A Flower Grows in a Lonely Spot

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The beginning of an old rhyme, a favorite of his sea faring grandfather, ran through Montana’s head:

A flower grows in a lonely spot
To honor names long forgot

He wished he could recall the ending.  Every time the rhyme played through, Montana heard it in his grandfather’s cigarette charred voice, the home country’s influence still thick on every word, and emanating from behind a wiry gray beard.  Montana never thought on the meaning of the rhyme, never wondered why his ocean wandering grandpa had a rhyme about a flower at the ready.  The rhyme was just something that was said when a room fell silent.

Montana did not understand it until he washed ashore.

He could only remember the sound of wood snapping.  It was not the story books where the ship snapped with a loud crack that sent shivers down one’s spine.  It was more a bright popping sound followed by already tall waves growing taller still.  After that his mind was blank.  He awoke on a beach, dripping wet and spitting sand.

Walking the woods behind the beach now, he stopped at a lone flower standing tall among grass he would never have seen back home.  He his fingers over the petals and wondered how many times his grandfather had seen a flower grow so vibrantly against a beach untouched by civilization.

Over the days that followed small bits of the merchant ship he was travelling on beached themselves.  No crew, no passengers.  He was alone with scraps of wood and barrels of soggy grain.  Despite the isolation, the island felt full of life as the sound of chirping birds and running rodents kept his ears busy.  Trees were tall, grass was plentiful; but flowers were few.  If found this most peculiar.  Where do the bees find their pollen or the tiniest birds their nectar?” He pondered.  He spoke aloud now, using different inflections and accents to feel less alone.

He made his shelter near the lonely flower beside the beach.  The vibrant red was easy to spot against the green of the grass and blue of the ocean.  He had a connection to the flower; both being the only of their type in a strange land.  He called it Jules, in honor of his favorite author.  “I have certainly not forgot that name,” Montana joked after bestowing a name on his floral fellow.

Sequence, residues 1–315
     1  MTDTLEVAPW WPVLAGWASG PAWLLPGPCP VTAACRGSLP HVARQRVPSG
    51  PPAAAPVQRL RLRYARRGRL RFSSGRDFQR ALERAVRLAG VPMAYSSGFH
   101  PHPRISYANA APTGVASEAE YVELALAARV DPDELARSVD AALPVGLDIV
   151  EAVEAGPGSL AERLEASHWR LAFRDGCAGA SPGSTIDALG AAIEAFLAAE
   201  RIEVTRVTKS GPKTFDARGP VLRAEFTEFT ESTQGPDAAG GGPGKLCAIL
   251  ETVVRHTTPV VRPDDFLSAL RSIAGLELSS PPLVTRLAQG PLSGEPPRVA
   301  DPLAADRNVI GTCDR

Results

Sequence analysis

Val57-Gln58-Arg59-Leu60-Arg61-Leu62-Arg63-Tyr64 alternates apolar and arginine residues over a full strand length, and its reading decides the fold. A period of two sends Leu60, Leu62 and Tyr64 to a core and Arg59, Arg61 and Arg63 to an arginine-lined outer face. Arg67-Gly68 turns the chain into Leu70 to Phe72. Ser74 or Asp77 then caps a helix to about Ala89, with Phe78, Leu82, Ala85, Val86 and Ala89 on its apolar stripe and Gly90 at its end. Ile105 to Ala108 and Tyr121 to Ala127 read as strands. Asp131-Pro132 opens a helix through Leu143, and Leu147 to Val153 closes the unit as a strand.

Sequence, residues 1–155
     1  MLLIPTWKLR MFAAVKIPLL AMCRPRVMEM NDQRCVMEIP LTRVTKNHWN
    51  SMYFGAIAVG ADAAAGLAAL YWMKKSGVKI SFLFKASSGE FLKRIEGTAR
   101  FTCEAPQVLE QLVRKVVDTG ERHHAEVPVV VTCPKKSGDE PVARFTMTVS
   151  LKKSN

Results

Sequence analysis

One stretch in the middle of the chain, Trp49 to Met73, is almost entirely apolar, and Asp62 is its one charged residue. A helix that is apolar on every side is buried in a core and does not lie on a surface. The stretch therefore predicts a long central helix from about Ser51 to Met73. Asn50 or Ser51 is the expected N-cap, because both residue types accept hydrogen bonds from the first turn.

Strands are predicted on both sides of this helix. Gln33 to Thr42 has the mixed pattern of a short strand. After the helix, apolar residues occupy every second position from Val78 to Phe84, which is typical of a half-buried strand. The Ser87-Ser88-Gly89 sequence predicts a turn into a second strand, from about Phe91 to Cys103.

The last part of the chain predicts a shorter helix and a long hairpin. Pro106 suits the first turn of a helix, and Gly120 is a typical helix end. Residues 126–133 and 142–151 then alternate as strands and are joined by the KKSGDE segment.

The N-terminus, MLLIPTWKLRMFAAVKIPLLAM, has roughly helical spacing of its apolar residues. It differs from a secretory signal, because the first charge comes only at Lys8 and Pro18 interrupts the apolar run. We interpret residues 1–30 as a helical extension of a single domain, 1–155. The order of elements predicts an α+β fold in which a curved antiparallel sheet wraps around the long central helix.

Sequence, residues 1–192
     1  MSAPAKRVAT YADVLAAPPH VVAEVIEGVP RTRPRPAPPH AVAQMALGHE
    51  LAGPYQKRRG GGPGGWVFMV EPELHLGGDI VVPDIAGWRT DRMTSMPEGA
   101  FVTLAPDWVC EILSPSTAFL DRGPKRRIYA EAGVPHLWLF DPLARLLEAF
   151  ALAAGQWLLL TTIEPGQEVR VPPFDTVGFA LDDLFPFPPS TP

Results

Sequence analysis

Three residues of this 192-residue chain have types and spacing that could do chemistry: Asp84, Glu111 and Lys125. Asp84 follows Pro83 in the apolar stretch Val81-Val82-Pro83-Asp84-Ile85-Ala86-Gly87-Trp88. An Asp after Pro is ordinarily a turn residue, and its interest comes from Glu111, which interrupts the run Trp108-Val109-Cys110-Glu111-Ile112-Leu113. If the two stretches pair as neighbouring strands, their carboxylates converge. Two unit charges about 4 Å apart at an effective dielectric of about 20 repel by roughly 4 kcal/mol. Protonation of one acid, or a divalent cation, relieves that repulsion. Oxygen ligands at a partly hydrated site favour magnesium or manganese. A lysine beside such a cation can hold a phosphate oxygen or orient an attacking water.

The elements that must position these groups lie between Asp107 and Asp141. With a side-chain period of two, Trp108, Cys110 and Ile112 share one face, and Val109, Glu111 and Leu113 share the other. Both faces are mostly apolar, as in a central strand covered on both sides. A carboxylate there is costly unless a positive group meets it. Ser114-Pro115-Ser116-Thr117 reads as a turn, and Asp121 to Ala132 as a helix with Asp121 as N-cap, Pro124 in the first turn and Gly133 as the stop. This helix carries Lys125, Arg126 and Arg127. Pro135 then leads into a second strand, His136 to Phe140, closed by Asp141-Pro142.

After a week had passed, Montana was losing hope of ever being rescued.  He turned instead to making the island home.  His primitive lean-to shelter was turned into a box.  A permanent fire-pit was dug into the beach and encircled with the largest rocks he could find within an hour’s walk.  He ripped the right leg from his trousers and used it to collect dew in the night.  All the while keeping up conversation with the lonely flower.

On the tenth day of his ordeal the sea returned to its hazardous ways.  Waves crashed against the shore, nearly hitting Montana’s shelter and his dear flower.  Distressed at the scene, he placed his body between Jules and the incoming waves.  The wind picked up, screeching through his ears.  Wave after wave was now hitting Montana’s back.  He remained in place, protecting the one thing that brought joy now.

“When I’m gone, honor my name will you?” Montana asked the plant.

The storm sat over the beach for an eternity. One wave brought with it a rock.  Upon colliding with Montana’s head, the poor lost traveler lost consciousness.

When he woke, he was belly down and laying in the place Jules had occupied.  He could not summon words to match his distress and fear as he pulled himself off the ground.  The sky had returned to its regular blue, the sea was calm and birds chirped once more, but everything had changed.  Montana clambered to his knees and saw what had come of the red flower.

His jaw chattered.  He had no tears to shed, but they would have all spilled as he saw the flower torn from its spot and flattened.  All he could do was stare.  His companion was gone.

It was then the ocean called for his attention once more.  Birds ended their songs and took flight, fleeing the beach.

Rising from the tide came shambling skeletons.  Three had already come to shore with a dozen more behind them.  Water poured from their bones and torn garments.  Tri-cornered hats and boots from a bygone era covered their bodies.

Montana recalled the end of his grandfather’s rhyme.  He knew then why his sea-legged grandfather knew this rhyme about a flower.

A flower grows in a lonely spot
To honor names long forgot
To that place you venture not
Disturb a petal and ye shall rot

Montana rose to his feet and stepped back.  The flower was a tombstone to those lost at sea and he had broken it.  He watched the skeletons raise their swords and pick up their pace.  Then came a pop.  Then the waves grew taller and as he looked once more at the grass just behind the beach, a red flower said farewell.

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